According to a second aspect of the invention there is provided an airbag cover for mounting on an airbag mechanism, in which the airbag cover defines a door openable on airbag deployment, and a tether assembly for attaching to a fixed anchor point, the tether assembly comprising a substantially flexible strap member extending from the airbag door such that its longitudinal axis extends substantially perpendicular to an edge of the airbag door, the tether assembly being secured to a mounting area on the airbag door which comprises at least two zones whose respective longitudinal axes are non-collinear so that the strap is nonplanar at its end mounted upon the door whereby the tether assembly absorbs energy as the airbag door is deployed and controls its movement.

BRIEF DESCRIPTION OF THE DRAWINGS

Two airbag assemblies in accordance with the invention will now be described, by way of example only, with reference to the accompanying drawings, in which:

FIG. 1 is a schematic perspective view of a first tether assembly;

FIG. 2 is a schematic section through the tether assembly of FIG. 1.

FIG. 3 is a schematic perspective view of a second tether assembly; and,

FIG. 4 is a schematic section through the assembly of FIG. 3.

FIG. 5 is a schematic perspective view of a third tether assembly;

FIG. 6 is a schematic section through the assembly of FIG. 5; and,

FIG. 7 is an enlarged part perspective view of the assembly of FIG. 5.

DESCRIPTION OF THE PREFERRED EMBODIMENTS

FIGS. 1 and 2 illustrate a vehicle airbag assembly 1 including an airbag door 3 to be opened on airbag deployment and which is tethered to a fixed anchor point 5 by a tether assembly 11. The tether assembly 11 comp rises a substantially flexible strap member extending between the fixed anchor point 5 and the airbag door 3 such that its longitudinal axis 13 extends substantially perpendicular to the edge 15 of the airbag door 3.

Each of the anchor point and the airbag door define a mounting area 7,9 to which an end of the tether assembly 11 is secured

A first one of the mounting areas 7 (in this case on the fixed anchor point) comprises an elongate unitary zone arranged along a single longitudinal axis 19.

A second one of the mounting areas 9 (in this case on the door 3)comprises at least two (here three) zones 21,23 and 25 whose respective longitudinal axes 27,29 and 31 are non collinear whereby the tether assembly 11 absorbs energy as the airbag door is deployed and controls its movement.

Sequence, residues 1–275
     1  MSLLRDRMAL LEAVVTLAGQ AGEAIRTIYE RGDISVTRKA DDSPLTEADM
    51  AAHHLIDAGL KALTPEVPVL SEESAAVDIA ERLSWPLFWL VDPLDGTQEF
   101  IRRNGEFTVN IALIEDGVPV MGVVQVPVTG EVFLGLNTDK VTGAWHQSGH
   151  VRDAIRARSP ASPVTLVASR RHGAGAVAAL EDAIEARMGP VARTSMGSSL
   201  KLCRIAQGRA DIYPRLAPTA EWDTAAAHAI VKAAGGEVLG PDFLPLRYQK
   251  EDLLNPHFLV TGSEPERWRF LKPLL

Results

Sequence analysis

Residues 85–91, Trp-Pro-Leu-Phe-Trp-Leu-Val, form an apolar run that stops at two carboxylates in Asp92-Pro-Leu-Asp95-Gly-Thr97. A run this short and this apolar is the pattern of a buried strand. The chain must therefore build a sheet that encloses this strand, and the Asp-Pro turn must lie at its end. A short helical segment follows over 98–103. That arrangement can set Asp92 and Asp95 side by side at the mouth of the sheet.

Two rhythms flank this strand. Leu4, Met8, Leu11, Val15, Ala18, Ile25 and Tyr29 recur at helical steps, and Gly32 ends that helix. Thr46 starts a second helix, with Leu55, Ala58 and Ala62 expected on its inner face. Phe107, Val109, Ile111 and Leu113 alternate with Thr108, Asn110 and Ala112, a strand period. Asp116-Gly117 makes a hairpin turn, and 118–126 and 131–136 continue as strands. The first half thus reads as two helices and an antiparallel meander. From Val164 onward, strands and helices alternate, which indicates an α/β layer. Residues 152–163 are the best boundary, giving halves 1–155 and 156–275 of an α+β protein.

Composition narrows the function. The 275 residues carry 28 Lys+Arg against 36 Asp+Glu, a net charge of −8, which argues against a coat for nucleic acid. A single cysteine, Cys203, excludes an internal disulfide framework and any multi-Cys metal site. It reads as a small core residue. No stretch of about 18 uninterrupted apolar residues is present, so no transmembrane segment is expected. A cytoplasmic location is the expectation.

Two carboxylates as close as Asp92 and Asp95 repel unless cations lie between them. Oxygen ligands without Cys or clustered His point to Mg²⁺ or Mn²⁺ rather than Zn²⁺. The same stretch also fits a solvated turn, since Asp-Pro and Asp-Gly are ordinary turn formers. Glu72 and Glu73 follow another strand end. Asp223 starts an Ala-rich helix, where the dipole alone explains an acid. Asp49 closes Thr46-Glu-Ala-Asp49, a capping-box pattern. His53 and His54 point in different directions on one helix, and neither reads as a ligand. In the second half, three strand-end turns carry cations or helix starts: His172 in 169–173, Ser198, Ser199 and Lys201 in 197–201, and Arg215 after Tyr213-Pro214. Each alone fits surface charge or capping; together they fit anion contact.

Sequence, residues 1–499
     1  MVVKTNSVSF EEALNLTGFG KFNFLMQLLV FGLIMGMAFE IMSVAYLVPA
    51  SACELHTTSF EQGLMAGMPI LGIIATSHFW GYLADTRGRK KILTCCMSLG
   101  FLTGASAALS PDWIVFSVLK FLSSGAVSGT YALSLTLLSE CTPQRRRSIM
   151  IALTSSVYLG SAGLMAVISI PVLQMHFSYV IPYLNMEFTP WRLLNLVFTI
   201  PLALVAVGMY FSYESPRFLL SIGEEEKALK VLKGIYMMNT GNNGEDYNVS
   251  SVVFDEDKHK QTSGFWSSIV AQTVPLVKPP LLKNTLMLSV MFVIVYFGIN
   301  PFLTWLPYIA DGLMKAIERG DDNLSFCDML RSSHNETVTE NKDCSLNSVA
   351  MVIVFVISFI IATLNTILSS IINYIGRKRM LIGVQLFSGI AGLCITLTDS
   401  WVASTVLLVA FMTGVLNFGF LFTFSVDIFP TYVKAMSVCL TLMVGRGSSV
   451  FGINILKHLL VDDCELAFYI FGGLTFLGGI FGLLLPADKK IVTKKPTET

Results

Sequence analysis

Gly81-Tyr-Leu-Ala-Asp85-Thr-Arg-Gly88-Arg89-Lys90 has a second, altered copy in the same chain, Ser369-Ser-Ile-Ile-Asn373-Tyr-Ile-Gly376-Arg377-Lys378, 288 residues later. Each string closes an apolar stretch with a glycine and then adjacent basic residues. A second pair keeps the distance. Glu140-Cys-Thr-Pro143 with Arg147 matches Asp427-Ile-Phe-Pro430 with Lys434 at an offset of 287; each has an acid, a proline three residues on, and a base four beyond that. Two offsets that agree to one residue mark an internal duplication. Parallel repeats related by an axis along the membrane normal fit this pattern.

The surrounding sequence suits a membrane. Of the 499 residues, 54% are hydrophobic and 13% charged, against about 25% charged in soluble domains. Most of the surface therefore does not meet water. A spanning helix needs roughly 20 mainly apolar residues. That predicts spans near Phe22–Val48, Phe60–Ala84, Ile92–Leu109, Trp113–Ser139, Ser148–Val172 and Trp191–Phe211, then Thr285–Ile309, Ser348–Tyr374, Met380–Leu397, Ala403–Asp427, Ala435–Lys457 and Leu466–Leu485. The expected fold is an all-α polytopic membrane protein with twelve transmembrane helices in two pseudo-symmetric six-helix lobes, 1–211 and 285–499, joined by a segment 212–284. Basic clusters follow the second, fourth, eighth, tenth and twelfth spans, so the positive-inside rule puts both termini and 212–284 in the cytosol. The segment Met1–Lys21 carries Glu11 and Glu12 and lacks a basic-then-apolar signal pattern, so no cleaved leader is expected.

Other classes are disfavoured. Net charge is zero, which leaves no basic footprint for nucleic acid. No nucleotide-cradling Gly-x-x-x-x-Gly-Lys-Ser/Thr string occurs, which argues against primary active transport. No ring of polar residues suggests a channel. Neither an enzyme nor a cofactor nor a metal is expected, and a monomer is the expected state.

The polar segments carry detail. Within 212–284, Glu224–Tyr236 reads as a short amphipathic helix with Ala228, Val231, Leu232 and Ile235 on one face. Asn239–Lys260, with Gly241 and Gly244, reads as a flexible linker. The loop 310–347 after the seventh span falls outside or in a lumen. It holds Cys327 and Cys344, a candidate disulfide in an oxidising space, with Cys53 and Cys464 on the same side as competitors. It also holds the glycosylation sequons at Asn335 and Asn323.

The at least rest (i.e. undeployed) position 33 of the airbag door 3 is shown in FIG. 2. The fixed anchor point 5 is here a bracket welded to the airbag mechanism(illustrated generally at 35). The airbag mechanism itself is conventional and many different designs could be chosen. The at rest position of the tether is in a folded condition. The tether is flexible and will fold along an axis substantially perpendicular to the longitudinal axis.13.

The mounting of the edge of the tether 11 to the first mounting area 7 on the anchor point 5 is by passing bolts or rivets (not shown) through holes 37 in the tether which is of webbing which is flexible and strong. The holes 37 act as attachment points which are collinear and lie substantially along the axis 19 which is substantially perpendicular to axis 13 of the strap 11.

In this region of the strap member 11, the webbing is substantially planar.

The strap is split into 3 part straps 39,41 and 43. The divisions 45 and 47 only extend along part of the straps length and are substantially parallel to the longitudinal axis 13 of the strap. The part straps are substantially of equal width.

The part straps allow the tether to conform to the second mounting area 9. Here the mounting area 9 comprises two outer zones 21 and 25 whose axes 27 and 31 are collinear, and an inner zone 23 whose axis 29 is parallel but spaced from the other axes 27 and 31. The part straps are affixed to the mounting zones by a suitable adhesive where the outer part straps 39 and 43 are mounted to the aligned outer zones 21 and 25, and the inner part strap 41 is mounted on the inner zone 23.

In this area it can be seen that the tether assembly is non planar, with the inner part strap 41 lying at an angle 49 to the outer part straps 39 and 45. It will be apparent that this will control the trajectory of the door 3 and prevent it from hitting the windscreen 51 of the vehicle.

The choice of suitable angle 49 will depend on the relative positions of the airbag door at rest position 33 relative to the windscreen 51.

The second airbag assembly 101 is illustrated in FIGS. 3 and 4. The assembly 101 includes an airbag door 103 to be opened on airbag deployment and which is tethered to a fixed anchor point 105 by a tether assembly 111. The tether assembly 111 comprises a substantially flexible strap member extending between the fixed anchor point 105 and the airbag door 103 such that its longitudinal axis 113 extends substantially perpendicular to the edge 115 of the airbag door 103.

Each of the anchor point and the airbag door define a mounting area 107,109 to which an end of the tether assembly 111 is secured.

A first one of the mounting areas 107 (in this case on the fixed anchor point) comprises an elongate unitary zone arranged along a single longitudinal axis 119.

A second one of the mounting areas 109 (in this case on the door 103)comprises two zones 121, and 123 whose respective longitudinal axes 125 and 127 are non collinear whereby the tether assembly 11 absorbs energy as the airbag door is deployed and controls its movement.